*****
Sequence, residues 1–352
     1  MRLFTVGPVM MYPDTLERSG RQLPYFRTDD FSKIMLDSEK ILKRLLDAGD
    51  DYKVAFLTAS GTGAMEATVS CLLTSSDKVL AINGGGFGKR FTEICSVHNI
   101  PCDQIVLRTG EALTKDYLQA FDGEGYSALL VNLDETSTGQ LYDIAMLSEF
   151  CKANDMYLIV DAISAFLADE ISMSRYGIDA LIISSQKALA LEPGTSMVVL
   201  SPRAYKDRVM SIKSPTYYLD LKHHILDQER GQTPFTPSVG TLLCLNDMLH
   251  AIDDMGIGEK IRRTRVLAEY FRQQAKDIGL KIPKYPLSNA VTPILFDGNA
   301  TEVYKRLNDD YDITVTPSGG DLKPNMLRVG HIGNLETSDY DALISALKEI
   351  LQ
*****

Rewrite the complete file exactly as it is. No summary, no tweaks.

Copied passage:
Sequence, residues 1–352
     1  MRLFTVGPVM MYPDTLERSG RQLPYFRTDD FSKIMLDSEK ILKRLLDAGD
    51  DYKVAFLTAS GTGAMEATVS CLLTSSDKVL AINGGGFGKR FTEICSVHNI
   101  PCDQIVLRTG EALTKDYLQA FDGEGYSALL VNLDETSTGQ LYDIAMLSEF
   151  CKANDMYLIV DAISAFLADE ISMSRYGIDA LIISSQKALA LEPGTSMVVL
   201  SPRAYKDRVM SIKSPTYYLD LKHHILDQER GQTPFTPSVG TLLCLNDMLH
   251  AIDDMGIGEK IRRTRVLAEY FRQQAKDIGL KIPKYPLSNA VTPILFDGNA
   301  TEVYKRLNDD YDITVTPSGG DLKPNMLRVG HIGNLETSDY DALISALKEI
   351  LQ